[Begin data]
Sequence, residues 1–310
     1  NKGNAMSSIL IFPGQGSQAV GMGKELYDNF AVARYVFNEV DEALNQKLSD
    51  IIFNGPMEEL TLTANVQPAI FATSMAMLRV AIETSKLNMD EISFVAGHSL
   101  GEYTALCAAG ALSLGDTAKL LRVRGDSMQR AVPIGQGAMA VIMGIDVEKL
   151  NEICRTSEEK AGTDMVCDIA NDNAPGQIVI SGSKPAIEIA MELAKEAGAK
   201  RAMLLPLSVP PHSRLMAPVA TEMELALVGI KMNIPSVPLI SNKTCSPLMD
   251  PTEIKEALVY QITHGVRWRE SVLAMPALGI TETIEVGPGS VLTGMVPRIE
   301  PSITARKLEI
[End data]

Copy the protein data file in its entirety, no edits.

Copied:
Sequence, residues 1–310
     1  NKGNAMSSIL IFPGQGSQAV GMGKELYDNF AVARYVFNEV DEALNQKLSD
    51  IIFNGPMEEL TLTANVQPAI FATSMAMLRV AIETSKLNMD EISFVAGHSL
   101  GEYTALCAAG ALSLGDTAKL LRVRGDSMQR AVPIGQGAMA VIMGIDVEKL
   151  NEICRTSEEK AGTDMVCDIA NDNAPGQIVI SGSKPAIEIA MELAKEAGAK
   201  RAMLLPLSVP PHSRLMAPVA TEMELALVGI KMNIPSVPLI SNKTCSPLMD
   251  PTEIKEALVY QITHGVRWRE SVLAMPALGI TETIEVGPGS VLTGMVPRIE
   301  PSITARKLEI